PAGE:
Full disclosure: I had the great pleasure of interviewing Tosi for my podcast, Second Life, and am a big fan. The CEO/founder of Milk Bar wrote a charming book about baking, and my daughter cannot get enough of it. I love that the protagonist, Sammi, has a diverse crew of friends; my daughter likes the strawberries flying on a whisk. Win-win.
My kids love any story that involves kids standing up to adults, kids making things happen, and slides, so this book has been a real hit around the house. Inspired by a true story about the author’s mother (lawyer and policy expert) and aunt (the vice president), Harris wrote a really sweet story about the power of community and how working together can result in wonderful change.
I have adored Eva since the day we met—we were assistants at Elle; she showed me how to do expenses—in no small part because she loves books and reading as much as I do. While now she has a whole secondary career as a children’s book author, her very first book holds a special place in my heart. If you love fashion or style in the slightest, this book is essential.
Okay, so these are our family’s go-to books, but I’m always interested in adding to our collection. If you would be so kind as to comment and share your favorite kids’ books, I would be forever in debt to you all!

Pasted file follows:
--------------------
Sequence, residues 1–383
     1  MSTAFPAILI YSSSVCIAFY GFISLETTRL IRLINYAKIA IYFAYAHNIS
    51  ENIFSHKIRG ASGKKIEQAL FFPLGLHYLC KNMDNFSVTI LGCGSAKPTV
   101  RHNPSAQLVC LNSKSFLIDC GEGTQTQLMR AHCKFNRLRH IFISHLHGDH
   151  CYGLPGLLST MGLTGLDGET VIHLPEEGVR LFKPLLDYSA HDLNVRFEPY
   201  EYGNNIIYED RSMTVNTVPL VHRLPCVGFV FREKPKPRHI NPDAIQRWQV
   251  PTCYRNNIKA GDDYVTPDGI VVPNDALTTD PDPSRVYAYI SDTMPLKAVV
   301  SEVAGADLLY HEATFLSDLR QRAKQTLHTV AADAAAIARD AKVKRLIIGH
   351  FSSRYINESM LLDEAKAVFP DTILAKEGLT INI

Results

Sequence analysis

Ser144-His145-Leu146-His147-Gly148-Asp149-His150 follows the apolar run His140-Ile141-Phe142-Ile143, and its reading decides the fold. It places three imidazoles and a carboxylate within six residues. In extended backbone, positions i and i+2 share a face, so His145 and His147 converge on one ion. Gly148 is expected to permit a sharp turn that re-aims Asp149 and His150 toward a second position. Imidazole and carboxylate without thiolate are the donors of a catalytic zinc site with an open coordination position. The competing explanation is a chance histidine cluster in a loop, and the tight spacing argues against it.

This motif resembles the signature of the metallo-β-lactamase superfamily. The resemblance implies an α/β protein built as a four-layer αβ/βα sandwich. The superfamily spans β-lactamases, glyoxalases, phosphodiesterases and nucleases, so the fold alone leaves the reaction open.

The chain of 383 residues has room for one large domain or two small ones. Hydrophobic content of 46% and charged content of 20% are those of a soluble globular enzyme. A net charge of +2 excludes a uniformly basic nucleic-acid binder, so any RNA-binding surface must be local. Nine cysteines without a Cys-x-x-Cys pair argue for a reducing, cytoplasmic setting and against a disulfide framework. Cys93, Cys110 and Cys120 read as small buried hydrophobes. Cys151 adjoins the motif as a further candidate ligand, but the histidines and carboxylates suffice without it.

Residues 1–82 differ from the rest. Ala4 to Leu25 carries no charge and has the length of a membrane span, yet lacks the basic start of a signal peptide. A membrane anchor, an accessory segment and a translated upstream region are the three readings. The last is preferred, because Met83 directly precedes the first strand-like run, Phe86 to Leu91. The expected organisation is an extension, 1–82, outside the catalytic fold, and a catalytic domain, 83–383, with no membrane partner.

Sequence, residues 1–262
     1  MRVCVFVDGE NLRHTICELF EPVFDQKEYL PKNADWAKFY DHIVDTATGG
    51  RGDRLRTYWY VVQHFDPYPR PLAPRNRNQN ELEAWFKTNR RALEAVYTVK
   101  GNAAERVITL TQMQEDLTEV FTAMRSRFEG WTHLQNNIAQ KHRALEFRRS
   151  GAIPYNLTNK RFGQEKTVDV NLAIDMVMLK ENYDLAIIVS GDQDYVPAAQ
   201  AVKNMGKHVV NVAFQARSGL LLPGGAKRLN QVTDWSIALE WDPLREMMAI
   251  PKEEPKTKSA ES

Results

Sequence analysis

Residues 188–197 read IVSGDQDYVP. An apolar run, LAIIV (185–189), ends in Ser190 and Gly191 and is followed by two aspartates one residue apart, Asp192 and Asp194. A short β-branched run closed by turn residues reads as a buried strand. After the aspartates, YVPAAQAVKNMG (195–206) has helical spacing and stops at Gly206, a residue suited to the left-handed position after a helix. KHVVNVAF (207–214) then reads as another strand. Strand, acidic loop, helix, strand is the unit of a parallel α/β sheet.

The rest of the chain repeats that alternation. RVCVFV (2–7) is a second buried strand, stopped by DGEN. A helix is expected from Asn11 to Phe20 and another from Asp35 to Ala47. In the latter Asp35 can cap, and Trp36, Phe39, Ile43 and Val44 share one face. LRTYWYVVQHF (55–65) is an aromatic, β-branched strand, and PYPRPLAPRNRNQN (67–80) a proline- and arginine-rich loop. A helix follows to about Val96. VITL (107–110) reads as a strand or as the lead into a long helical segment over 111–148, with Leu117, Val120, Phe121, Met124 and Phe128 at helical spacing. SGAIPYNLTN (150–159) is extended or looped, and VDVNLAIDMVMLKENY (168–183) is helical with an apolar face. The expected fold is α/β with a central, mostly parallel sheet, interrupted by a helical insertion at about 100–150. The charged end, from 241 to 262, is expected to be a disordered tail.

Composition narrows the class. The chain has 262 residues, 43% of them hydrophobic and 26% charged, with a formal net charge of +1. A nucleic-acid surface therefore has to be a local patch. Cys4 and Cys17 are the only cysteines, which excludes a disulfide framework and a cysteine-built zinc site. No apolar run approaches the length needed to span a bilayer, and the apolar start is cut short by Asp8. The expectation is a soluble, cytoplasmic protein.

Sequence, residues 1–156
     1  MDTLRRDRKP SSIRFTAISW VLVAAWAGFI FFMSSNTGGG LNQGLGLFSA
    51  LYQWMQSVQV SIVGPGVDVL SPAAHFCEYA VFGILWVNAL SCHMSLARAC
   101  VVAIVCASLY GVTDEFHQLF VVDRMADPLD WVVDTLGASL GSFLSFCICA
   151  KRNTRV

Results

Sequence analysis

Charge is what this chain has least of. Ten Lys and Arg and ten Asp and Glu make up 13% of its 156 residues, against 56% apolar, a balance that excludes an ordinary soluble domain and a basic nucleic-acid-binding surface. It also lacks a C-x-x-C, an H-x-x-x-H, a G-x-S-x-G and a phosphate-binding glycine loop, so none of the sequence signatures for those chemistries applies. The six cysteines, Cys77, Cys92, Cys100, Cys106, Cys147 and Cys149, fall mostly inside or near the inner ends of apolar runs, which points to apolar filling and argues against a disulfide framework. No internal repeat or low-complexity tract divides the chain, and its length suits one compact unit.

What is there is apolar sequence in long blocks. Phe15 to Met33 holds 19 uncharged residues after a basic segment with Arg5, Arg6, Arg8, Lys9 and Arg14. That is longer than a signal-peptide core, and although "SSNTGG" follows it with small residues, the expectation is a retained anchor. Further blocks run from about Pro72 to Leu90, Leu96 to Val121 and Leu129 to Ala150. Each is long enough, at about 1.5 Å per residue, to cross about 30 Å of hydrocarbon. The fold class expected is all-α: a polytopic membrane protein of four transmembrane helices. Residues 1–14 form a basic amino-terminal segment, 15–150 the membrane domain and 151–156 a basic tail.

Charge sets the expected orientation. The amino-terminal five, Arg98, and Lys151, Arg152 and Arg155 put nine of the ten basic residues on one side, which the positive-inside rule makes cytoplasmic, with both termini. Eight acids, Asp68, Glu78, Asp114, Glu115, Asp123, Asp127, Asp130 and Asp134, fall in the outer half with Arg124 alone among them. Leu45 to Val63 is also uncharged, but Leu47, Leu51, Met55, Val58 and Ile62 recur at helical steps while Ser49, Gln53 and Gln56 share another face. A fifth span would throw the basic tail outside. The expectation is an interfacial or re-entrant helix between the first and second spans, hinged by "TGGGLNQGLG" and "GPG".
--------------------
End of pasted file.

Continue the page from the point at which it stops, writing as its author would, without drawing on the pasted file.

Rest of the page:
You were reading a lot for a while and posting about it constantly. Is that still happening? Got anything good to recommend?
WHY YES I DO! I know I already wrote about my 10 must-buy books of 2021, but I have a couple of additions to that list. Deeply in awe of His Only Wife by Peace Adzo Medie, which is brilliant and set in Ghana. (One review called it “Crazy Rich Asians for West Africa,” which is not totally spot-on but a little correct.) The world is so sharply drawn I felt like I was there. Couldn’t put it down. Buy it.
I also loved The Other Black Girl by Zakiya Dalila Harris, which feels like a mashup of the movie Get Out and The Stepford Wives but set in the modern-day book-publishing world.
I read Liane Moriarty’s latest, pples Never Fall, which took me two tries to get into it, but once I did, I was quite intrigued. It’s no Big Little Lies, but what is? If you like sprawling stories about families and their drama, feuds, and grudges, and perhaps a murder or two along the way, this is for you.
My colleague MacKenzie Green called We Were Never Here by Andrea Bartz “a Lifetime movie in book form,” which you can interpret however you wish. It’s another pick from Reese Witherspoon’s book club, and I weirdly enjoyed it even though it has some gory moments.
And finally, I adored and sobbed my eyes out reading Nobody Will Tell You This But Me by Bess Kalb, who is an Emmy-nominated TV writer (for her work on Jimmy Kimmel; she’s now the head writer/EP on a new show called Yearly Departed that’s coming out in like five seconds. I don’t know her, so not sure why I’m giving you so much detail here.). It’s probably worth pointing out that NWTYTBM is mostly comedic, but the kicker made me weep.